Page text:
Beet: Salt Water Observations






10.  What occurred with the pigment in the beet in the salt water set-up? ___________________________________ _________________________________________________________________________________________

Part IV:  Osmosis in Carrots

When the vegetables in your salad wither, they do so because of osmosis.  In this part, you will determine how osmosis affects plants.


Examine the two beakers labeled “Salt Water” and “Fresh Water.”  The two carrots sticks placed in solution were of the same relative size, and have sat undisturbed for 24 hours.   Examine the carrot sticks for the tightness of the threads and squeeze the carrot stick to determine its texture.




Place a check in the appropriate box below.

Condition of Carrot Stick

Present in salt water?

Present in Fresh water?

§  Thread is loose



§  Cells gained water



§  Soft texture



§  Thread is tight



§  Firm Texture



§  Cells lost water




11.  Did water move into or out of the carrot in the salt water? _____________________________

12.  Did water move into or out of the carrot in the tap water? _____________________________

13.  One way to prevent salad and vegetables from wilting is to cover them with plastic wrap.  Why is this?  (Explain in terms of osmosis.)  _____________________________________________________________ ______________________________________________________________________________________________________________________________________________________________________________

14.  Supermarket workers spray fruits and vegetables with water to make them more desirable to consumers.  Why does spraying vegetables with water prevent them from drying out? __________ __________________________________________________________________________________________________________________________________________________________________________________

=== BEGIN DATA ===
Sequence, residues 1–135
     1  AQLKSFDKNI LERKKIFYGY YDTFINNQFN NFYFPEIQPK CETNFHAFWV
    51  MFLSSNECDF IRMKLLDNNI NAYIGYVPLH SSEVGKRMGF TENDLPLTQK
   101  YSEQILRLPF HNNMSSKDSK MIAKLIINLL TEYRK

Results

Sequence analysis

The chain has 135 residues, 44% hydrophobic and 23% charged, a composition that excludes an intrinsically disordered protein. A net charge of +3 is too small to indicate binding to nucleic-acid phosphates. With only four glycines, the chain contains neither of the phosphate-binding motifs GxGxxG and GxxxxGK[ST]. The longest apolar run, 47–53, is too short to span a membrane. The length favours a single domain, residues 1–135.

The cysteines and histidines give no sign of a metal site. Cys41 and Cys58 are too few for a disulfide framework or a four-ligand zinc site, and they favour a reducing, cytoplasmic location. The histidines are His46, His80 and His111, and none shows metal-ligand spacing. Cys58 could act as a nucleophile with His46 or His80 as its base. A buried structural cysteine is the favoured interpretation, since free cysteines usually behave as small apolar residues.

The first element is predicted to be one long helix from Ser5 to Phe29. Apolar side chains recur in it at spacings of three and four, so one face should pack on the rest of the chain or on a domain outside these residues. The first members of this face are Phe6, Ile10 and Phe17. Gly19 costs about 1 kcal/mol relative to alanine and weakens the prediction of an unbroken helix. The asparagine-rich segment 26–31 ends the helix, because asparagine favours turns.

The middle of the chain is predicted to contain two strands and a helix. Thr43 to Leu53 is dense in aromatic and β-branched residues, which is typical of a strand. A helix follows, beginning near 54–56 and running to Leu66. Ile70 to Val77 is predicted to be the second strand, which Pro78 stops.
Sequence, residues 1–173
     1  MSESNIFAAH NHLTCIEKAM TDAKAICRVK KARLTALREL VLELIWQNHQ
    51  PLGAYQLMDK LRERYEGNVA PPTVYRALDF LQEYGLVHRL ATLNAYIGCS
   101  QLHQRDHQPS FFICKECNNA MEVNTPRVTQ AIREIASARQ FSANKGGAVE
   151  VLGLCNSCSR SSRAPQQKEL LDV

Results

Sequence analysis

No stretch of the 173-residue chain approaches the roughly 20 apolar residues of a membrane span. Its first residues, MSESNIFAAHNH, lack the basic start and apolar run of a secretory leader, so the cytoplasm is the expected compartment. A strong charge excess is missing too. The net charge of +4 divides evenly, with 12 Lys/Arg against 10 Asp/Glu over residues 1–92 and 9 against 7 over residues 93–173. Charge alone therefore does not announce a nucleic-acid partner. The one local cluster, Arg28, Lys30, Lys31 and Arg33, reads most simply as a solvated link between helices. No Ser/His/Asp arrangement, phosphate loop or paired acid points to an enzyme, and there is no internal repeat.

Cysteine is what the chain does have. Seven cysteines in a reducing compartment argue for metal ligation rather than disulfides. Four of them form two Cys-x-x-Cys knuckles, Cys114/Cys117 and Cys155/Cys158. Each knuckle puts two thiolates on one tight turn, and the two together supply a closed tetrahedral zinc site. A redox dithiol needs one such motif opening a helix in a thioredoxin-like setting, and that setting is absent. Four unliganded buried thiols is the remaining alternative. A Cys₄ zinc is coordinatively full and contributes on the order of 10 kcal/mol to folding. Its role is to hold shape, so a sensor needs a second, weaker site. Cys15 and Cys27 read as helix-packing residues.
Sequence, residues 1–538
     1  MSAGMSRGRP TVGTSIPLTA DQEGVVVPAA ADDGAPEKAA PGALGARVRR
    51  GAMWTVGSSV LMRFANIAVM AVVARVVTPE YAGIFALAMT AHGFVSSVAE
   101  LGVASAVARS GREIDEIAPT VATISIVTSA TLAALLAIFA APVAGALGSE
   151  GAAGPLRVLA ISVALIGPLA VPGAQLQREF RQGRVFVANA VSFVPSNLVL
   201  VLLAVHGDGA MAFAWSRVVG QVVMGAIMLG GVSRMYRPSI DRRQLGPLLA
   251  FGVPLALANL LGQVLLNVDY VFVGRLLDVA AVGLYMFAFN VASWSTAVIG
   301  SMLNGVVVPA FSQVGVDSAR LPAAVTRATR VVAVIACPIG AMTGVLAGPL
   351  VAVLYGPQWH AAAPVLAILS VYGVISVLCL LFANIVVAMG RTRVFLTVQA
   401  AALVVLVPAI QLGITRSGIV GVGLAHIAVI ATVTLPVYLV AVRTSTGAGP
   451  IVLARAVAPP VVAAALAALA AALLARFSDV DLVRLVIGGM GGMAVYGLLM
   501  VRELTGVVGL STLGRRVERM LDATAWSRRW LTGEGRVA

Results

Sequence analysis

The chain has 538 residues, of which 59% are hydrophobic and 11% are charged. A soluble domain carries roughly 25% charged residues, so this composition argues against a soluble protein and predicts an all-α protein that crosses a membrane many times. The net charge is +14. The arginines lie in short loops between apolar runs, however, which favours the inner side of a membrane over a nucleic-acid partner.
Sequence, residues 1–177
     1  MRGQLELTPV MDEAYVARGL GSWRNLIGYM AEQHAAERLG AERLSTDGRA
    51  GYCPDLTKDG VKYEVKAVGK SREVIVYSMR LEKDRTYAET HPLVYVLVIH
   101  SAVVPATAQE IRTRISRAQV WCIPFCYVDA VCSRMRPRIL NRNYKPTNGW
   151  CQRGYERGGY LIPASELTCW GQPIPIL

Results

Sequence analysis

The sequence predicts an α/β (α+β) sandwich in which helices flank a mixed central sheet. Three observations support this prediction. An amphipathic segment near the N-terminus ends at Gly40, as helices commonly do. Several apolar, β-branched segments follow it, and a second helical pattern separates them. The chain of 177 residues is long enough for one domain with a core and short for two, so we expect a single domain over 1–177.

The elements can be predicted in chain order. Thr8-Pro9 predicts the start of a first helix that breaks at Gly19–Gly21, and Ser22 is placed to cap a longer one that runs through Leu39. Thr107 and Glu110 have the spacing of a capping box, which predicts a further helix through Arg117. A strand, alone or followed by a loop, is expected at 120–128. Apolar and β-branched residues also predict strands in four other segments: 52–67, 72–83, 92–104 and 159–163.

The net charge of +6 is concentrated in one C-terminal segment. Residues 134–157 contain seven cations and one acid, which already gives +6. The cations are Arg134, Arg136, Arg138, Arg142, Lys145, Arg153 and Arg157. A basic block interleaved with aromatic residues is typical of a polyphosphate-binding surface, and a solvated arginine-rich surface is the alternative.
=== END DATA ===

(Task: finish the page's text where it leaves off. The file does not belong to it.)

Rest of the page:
1.      Why is it important for the cell membrane to be selectively permeable?



2.      Why do animal cells need to be surrounded by isotonic solutions?



3.      Why do plant cells need to be surrounded by hypotonic solutions?




4.      What is turgor pressure?   Why do plant cells not burst when placed in pure water?





5.      What would happen to a cell if it were placed in a hypertonic solution?  Why? (drawing the diagram may help)




6.      Does osmosis ever “stop”? Explain your answer.




7.      Look at the solution concentration below the diagram.    Draw in the appropriate concentration of solute on either side of the semi-permeable membrane in the diagram below.



      Semi-permeable Membrane












                                            Solution A (5%)                                   Solution B (20%)

                                           Water (95%)                                        Water (80%)



8.      Draw an arrow on your diagram to show which way the water (solvent) will move.  Be sure to label the arrow with the word ‘water’. 



9.      If we assume that the solute was able to pass through the membrane, draw a second arrow on your diagram to show direction the solute would move.  Be sure to label the arrow with the word ‘solute’.